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      Biophysical model for integrating neuronal activity, EEG, fMRI and metabolism.

      Neuroimage

      Alzheimer Disease, diagnosis, physiopathology, Biophysics, methods, Brain, Brain Mapping, Computer Simulation, Diagnosis, Computer-Assisted, Electroencephalography, Glucose, metabolism, Image Interpretation, Computer-Assisted, Magnetic Resonance Imaging, Models, Neurological, Neurons, Oxygen, Positron-Emission Tomography, Systems Integration

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          Abstract

          Our goal is to model the coupling between neuronal activity, cerebral metabolic rates of glucose and oxygen consumption, cerebral blood flow (CBF), electroencephalography (EEG) and blood oxygenation level-dependent (BOLD) responses. In order to accomplish this, two previous models are coupled: a metabolic/hemodynamic model (MHM) for a voxel, linking BOLD signals and neuronal activity, and a neural mass model describing the neuronal dynamics within a voxel and its interactions with voxels of the same area (short-range interactions) and other areas (long-range interactions). For coupling both models, we take as the input to the BOLD model, the number of active synapses within the voxel, that is, the average number of synapses that will receive an action potential within the time unit. This is obtained by considering the action potentials transmitted between neuronal populations within the voxel, as well as those arriving from other voxels. Simulations are carried out for testing the integrated model. Results show that realistic evoked potentials (EP) at electrodes on the scalp surface and the corresponding BOLD signals for each voxel are produced by the model. In another simulation, the alpha rhythm was reproduced and reasonable similarities with experimental data were obtained when calculating correlations between BOLD signals and the alpha power curve. The origin of negative BOLD responses and the characteristics of EEG, PET and BOLD signals in Alzheimer's disease were also studied.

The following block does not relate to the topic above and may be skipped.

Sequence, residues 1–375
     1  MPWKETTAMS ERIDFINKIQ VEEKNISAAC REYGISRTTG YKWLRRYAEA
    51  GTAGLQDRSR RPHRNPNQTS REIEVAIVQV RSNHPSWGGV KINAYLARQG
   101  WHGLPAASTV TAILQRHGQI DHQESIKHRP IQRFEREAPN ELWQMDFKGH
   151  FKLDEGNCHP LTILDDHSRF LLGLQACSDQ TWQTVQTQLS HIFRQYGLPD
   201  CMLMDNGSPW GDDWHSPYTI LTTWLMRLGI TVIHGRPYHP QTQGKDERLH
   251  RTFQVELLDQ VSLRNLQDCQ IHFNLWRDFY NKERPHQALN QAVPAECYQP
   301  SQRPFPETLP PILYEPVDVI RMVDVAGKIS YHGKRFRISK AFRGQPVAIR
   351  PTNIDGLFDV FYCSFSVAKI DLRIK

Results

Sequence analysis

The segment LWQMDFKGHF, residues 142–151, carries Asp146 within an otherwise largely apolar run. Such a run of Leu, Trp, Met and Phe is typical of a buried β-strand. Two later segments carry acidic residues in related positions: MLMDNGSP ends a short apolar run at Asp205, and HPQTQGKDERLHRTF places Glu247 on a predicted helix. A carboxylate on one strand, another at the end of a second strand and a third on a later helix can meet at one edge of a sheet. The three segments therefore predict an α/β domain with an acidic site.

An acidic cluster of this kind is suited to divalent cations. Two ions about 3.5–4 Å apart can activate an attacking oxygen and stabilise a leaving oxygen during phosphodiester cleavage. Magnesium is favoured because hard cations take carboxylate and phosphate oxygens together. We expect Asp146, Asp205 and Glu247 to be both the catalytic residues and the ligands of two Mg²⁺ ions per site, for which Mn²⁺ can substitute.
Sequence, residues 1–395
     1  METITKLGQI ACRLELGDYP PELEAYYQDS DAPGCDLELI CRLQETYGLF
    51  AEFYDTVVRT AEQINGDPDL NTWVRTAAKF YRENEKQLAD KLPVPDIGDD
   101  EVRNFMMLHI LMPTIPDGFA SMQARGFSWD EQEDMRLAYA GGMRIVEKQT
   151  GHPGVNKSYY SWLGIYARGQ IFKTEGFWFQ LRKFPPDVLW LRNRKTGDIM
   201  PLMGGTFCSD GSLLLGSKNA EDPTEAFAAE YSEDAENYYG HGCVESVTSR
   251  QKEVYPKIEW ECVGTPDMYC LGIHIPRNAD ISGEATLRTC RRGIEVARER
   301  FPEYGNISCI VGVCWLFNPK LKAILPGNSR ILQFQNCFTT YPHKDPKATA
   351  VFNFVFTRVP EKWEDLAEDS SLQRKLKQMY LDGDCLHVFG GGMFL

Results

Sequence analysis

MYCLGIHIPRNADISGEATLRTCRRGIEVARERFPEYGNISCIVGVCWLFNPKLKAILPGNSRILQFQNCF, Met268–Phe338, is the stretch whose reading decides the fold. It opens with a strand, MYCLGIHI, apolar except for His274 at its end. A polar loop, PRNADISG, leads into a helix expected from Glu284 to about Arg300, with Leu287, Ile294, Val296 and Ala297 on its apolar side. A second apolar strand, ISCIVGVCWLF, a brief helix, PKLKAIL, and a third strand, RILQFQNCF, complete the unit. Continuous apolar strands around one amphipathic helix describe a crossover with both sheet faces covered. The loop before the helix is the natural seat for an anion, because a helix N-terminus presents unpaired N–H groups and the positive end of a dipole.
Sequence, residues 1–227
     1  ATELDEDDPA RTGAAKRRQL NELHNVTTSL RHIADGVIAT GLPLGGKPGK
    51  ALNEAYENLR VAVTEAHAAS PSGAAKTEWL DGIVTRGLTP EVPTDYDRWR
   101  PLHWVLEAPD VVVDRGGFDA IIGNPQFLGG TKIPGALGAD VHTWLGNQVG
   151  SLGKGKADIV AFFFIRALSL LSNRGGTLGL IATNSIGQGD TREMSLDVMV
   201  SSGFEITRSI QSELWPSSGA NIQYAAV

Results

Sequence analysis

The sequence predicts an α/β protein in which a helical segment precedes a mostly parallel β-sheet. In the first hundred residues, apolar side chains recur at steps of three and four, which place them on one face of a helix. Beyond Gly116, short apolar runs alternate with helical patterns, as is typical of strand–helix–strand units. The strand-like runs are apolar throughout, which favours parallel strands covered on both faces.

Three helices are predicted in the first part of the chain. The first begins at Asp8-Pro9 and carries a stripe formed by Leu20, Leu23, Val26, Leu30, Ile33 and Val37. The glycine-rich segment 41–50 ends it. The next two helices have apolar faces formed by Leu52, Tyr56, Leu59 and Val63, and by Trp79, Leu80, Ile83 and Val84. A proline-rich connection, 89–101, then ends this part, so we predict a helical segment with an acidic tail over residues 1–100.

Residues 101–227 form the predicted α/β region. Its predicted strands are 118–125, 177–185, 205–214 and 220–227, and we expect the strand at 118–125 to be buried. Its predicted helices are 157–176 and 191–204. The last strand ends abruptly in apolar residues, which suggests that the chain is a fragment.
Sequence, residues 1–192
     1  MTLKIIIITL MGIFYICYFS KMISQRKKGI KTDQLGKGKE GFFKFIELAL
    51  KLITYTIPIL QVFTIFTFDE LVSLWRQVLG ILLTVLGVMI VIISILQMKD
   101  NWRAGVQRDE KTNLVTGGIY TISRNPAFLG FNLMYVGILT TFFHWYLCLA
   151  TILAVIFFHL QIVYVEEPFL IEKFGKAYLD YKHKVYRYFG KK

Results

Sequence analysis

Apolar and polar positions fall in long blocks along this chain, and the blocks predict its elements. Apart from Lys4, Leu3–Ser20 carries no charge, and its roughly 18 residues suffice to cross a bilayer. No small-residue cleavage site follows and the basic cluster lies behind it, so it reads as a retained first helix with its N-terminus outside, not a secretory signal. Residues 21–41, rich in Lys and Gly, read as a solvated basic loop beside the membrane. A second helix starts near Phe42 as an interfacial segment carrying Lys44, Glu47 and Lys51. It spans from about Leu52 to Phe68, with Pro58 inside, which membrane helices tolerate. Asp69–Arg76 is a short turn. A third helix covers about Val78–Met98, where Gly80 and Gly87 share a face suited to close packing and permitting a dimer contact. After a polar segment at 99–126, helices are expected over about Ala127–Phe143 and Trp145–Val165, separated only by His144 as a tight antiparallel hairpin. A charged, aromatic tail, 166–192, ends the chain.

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          Journal
          17919931
          10.1016/j.neuroimage.2007.08.001

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